public health

Health experts urge stricter rules against e-cigarettes, vaping

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Health experts urge stricter rules against e-cigarettes, vaping

A person vapes in London, Britain, April 16, 2024.

REUTERS/Toby Melville

Doctors notice rise of cases among young people of EVALI, or E-Cigarette, Vaping Product, Use Lung Injury, a disease contracted from using e-cigarettes and vape pens

MANILA, Philippines – Three health experts warned that electronic cigarettes and vape pens possibly posed more danger than the usual cigarette sticks, specially now that there is an aggressive marketing push to lure young people to the habit.

In a roundtable forum of journalists, public health experts, and young leaders, last April 11, health advocates warned that continued use of e-cigarettes and vaping pens could lead to the development relatively new lung disease that could start at a young age. They warned of irreversible damage to the lungs, which may need lung transplant surgery.

The health experts were Dr. Maricar Limpin, chair of the steering committee at Philippine Coalition on the Prevention and Control of Non-Communicable Diseases; Dr. Riz Gonzales, chair of the tobacco control advocacy group of the Philippine Pediatric Society; and Au Quilala, advocacy and partnerships manager, Philippine Legislators’ Committee on Population and Development.

Cigarette smoking and vaping were compared in the forum.

Diseases associated with traditional smoking like lung cancer and chronic obstructive pulmonary disease (CPD), start at age 40 and up. For smokers of e-cigarette and vape pens, they could develop even during their teenage years the lung disease called, EVALI, or E-Cigarette, Vaping Product, Use Lung Injury.

EVALI symptoms are: shortness of breath; cough; chest pain; fever and chills; diarrhea, nausea, vomiting, and abdominal pain; rapid heartbeat; and rapid and shallow breathing.

The forum hosted by Vital Undustries, an NGO, also tackled the pressing issues on the aggressive sale and marketing promotion of e-cigarettes and vape products to the youth.

A cause of concern, they said, was a trend to attract young people to vapes and e-cigarettes by positioning these “cool” to use.

Gonzales said it was wrong for manufacturers to claim that vaping was risk-free and as a good alternative to smoking. “It’s not true,” said said, noting the aggressive marketing of vape producers.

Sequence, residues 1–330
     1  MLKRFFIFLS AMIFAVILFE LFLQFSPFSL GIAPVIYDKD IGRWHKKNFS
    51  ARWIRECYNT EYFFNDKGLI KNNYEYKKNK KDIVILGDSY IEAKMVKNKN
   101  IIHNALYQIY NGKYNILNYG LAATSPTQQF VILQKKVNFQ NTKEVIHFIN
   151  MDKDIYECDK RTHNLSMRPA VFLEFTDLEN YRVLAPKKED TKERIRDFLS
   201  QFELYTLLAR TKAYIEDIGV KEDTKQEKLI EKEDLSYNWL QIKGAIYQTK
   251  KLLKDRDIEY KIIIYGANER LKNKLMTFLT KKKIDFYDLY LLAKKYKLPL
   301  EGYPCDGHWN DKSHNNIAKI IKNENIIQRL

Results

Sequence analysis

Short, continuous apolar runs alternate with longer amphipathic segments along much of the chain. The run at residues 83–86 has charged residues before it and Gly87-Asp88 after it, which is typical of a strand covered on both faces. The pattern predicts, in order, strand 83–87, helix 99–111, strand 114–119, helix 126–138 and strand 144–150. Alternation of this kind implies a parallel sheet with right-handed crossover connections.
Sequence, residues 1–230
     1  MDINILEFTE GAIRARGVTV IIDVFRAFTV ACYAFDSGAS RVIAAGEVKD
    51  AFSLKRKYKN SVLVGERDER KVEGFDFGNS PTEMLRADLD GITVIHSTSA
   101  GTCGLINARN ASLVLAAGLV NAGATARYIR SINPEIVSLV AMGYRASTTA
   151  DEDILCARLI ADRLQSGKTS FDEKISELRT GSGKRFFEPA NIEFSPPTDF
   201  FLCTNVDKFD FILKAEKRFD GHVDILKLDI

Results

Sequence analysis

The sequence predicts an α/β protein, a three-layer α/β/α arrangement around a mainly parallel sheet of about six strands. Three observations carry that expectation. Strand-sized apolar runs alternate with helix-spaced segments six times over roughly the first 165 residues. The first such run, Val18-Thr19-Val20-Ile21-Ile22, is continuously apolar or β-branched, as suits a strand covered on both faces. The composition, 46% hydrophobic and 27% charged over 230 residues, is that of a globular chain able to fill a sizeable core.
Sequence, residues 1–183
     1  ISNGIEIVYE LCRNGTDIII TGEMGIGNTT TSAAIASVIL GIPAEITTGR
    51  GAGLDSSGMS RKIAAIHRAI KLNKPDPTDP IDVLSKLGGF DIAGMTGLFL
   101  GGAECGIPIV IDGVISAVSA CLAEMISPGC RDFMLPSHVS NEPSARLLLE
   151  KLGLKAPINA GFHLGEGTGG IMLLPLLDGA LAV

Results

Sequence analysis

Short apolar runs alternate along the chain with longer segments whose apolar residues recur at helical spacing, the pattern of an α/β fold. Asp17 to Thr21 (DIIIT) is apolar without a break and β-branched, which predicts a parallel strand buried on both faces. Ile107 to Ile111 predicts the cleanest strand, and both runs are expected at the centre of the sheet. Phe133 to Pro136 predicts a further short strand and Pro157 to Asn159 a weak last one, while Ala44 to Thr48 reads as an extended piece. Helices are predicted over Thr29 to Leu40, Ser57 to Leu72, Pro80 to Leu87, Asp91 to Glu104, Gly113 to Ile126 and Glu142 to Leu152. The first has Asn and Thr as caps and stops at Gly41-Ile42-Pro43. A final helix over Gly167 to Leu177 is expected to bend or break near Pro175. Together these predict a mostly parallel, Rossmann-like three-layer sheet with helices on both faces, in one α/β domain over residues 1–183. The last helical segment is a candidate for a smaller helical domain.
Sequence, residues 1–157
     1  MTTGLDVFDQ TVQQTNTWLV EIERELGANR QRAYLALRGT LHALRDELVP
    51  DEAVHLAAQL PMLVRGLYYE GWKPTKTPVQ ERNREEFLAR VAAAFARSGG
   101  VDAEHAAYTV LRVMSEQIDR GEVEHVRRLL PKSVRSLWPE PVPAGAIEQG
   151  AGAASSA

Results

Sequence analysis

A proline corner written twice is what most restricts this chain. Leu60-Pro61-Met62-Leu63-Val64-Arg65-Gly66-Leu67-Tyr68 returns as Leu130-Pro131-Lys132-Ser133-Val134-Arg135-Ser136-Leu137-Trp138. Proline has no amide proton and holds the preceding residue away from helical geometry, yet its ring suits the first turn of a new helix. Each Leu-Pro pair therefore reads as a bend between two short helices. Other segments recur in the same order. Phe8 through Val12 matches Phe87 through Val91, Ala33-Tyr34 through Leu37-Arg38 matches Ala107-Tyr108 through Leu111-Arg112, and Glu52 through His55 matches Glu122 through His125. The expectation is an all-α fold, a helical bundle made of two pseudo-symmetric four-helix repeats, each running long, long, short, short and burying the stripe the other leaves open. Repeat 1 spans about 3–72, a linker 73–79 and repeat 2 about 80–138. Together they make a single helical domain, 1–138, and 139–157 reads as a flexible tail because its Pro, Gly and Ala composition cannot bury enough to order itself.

Because of the disruption brought about by the pandemic, there is no available data on deaths and injuries arising from use of vaping products in the Philippines. But doctors noticed, a sudden rise of EVALI cases because of increased vape activity.

Shortly before the outbreak of the global pandemic, or sometime in November, 2019, the Department of Health reported the first EVALI case in the country – a 16-year old girl from the Visayas, who was using both cigarettes and vape. In 2020, or shortly before the pandemic, the US had more than 3,000 reported EVALI cases with 66 deaths.

Quilala said there was a need to revisit existing public policies on vaping, which include the possible return to 21 years from the current 18 years the legal age to vape and the mandate for the Food and Drug Administration (FDA), not the Department of Trade and Industry (DTI), to regulate vaping in the country. She also called for stricter implementation of the vaping laws and regulations.

“According to the latest Global Youth Tobacco Survey, one out of every seven Filipino youth aged 13-15 is now using vapes. This alarming trend is not a coincidence but a result of the tobacco industry’s calculated marketing tactics targeting the youth,” said Limpin.

“We’ll not sit idly by and turn a blind eye to the predatory practices of this industry. By allowing the Philippines to position itself as a manufacturing hub, we are essentially paving the way for an EVALI epidemic,” Limpin said.

Limpin said that the Philippines has at least seven recorded EVALI cases, but the number could go up suddenly as many young people develop addiction to the substances and chemicals used in vaping products. –

The three discussants agreed on the perceived existence of a strong pro-vaping lobby to favor the use of e-cigarettes and vaping products. They also agreed to the perception that they have been employing “trickery” and “treachery” to influence the policymakers.

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